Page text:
1900s

Borrowing from Wilson Home and Loan Association, pt. 3.

East Wilson’s new property owners often turned to Wilson Home and Loan Association, a savings and loan association affiliated with George D. Green, for short-term financing.

  • On 29 April 1892, S.H. Vick borrowed $300 from W.H.L.A., mortgaging a one-half lot adjoining R.J. Taylor, Peter Rountree, and others on Nash Street. The loan was satisfied 25 September 1897. Deed Book 32, page 9.
  • On 28 January 1893, Noah Best and wife Sarah Best borrowed $125 from W.H.L.A., mortgaging a one and one-eighth acre lot on the eastern side of the northern extension of Nash Street near the town of Wilson, adjoining Orren Best, T.A. Woodard, Nelson Farmer, and others, and purchased from Orren Best. The loan was satisfied 11 May 1899. Deed Book 32, page 21.
  • On 30 March 1893, A.D. Dawson and wife Lucy Dawson borrowed $300 from W.H.L.A., mortgaging a one-half acre lot on the south side of Vance Street adjoining Silas Lucas, James T. Wiggins, and others. The loan was satisfied 29 May 1899. Deed Book 32, page 25.
  • On 26 January 1896, Della Hines borrowed $250 from W.H.L.A., mortgaging a lot on the west side of Green Street adjoining Hardy Tate, S.H. Vick, and others, and being the lot upon which Hines lived. The loan was satisfied 14 December 1899. Deed Book 32, page 33.
  • On 8 June 1894, Short Barnes and wife Frances Barnes borrowed $300 from W.H.L.A., a one-quarter acre lot on Green Street adjoining John T. Bridgers and George D. Green. The loan was satisfied 5 May 1900. Deed Book 32, page 47.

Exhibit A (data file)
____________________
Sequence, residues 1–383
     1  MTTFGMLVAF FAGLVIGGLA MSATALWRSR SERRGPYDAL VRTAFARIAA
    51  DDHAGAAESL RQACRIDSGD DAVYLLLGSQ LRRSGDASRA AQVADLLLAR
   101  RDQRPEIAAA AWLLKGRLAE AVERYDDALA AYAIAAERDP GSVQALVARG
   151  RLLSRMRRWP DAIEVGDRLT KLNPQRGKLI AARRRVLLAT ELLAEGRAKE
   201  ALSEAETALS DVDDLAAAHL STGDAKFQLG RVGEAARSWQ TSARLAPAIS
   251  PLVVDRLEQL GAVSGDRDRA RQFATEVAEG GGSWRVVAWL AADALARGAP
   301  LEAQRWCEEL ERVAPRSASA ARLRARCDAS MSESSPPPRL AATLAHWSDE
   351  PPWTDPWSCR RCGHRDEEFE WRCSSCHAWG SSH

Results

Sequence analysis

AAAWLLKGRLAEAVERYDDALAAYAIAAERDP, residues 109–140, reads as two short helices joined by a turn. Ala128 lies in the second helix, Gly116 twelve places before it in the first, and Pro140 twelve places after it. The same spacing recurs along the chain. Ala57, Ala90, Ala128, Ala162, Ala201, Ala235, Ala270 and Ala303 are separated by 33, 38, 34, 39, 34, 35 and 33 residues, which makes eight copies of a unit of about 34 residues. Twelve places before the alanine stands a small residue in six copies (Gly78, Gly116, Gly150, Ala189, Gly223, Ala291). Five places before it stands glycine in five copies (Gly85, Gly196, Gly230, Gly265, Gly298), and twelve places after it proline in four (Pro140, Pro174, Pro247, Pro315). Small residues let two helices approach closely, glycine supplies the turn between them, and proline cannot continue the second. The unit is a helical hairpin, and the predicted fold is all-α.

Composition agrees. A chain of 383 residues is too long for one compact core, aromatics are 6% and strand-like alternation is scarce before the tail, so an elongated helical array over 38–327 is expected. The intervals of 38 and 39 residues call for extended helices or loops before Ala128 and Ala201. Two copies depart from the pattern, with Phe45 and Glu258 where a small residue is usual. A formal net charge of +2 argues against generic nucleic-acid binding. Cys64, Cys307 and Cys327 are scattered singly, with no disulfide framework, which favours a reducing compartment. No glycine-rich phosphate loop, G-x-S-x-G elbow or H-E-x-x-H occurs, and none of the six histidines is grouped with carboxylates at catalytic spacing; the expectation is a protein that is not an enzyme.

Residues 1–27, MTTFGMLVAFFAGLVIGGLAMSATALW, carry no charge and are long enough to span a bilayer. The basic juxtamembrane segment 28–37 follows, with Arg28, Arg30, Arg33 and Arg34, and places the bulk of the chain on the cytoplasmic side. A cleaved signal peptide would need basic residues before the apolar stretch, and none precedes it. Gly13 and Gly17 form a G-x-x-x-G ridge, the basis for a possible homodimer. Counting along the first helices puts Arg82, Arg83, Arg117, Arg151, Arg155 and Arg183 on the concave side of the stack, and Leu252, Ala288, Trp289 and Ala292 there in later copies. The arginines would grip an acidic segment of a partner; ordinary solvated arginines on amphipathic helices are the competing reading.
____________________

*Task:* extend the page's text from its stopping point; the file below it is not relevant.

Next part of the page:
• On 25 January 1897, C. Mack Wells and wife Cherry Wells borrowed $500 from W.H.L.A, mortgaging a one-third acre lot “on a lane in the rear of Charles Battles lot leaving Pender Street” [i.e., Viola Street] and adjoining Levi Peacock and S.H. Vick. The loan was satisfied 10 March 1913. Deed Book 32, page 85.
  • On 15 February 1897, Sam’l Barnes and wife Ida Barnes borrowed $400 from W.H.L.A., mortgaging a one-fourth acre lot on a lane [Viola Street] in the rear of Ann Bryan‘s lot leaving Pender Street and adjacent to Elder Phillips‘ lot. The loan was satisfied 23 May 1904. Deed Book 32, page 88.

This note from Wilson Home & Loan to Wilson County Register of Deeds is pasted in the deed book.

  • On 10 January 1898, R.S. Wilkins and wife Mary Wilkins borrowed $200 from W.H.L.A., mortgaging a one-quarter lot on the north side of Lodge Street adjoining Annie Bynum and others, conveyed to the Wilkinses by W.G. Batts. The loan was satisfied 19 May 1903. Deed Book 32, page 98.

Computing scales, a massage machine, and a release: miscellaneous transactions, no. 3.

Most “deed” books stacked in the search room of the Wilson County Register of Deeds Office contain just deeds, but others, like Volume 72, contain miscellaneous records of sales agreements, leases, contracts, chattel mortgages, and other transactions. These documents offer rare glimpses of the commercial and farming lives of Black Wilsonians.

  • On 19 December 1908, Charity Robbins rented a heater pipe and fire board for $11.65 from Dildy & Agnew. Deed Book 72, page 414.
  • On 1 October 1907, George W. Suggs rented a range and fixtures for $23 from Dildy & Agnew. Though the full price was to be paid by 1 January 1908, the contract was not recorded until 11 March 1909, when Beatrice Suggs signed instead of G.W. Suggs. Deed Book 72, page 416. [This would seem to be Washington Suggs, but if so, who is Beatrice Suggs? She was not one of his daughters.]
  • On 9 April 1909, Oscar Best, “owner of store,” agreed to pay Strubler Computing Scale Company, Elkhart, Indiana, $85.00 for a Number Two “computing scales green finish.” Deed Book 72, page 443.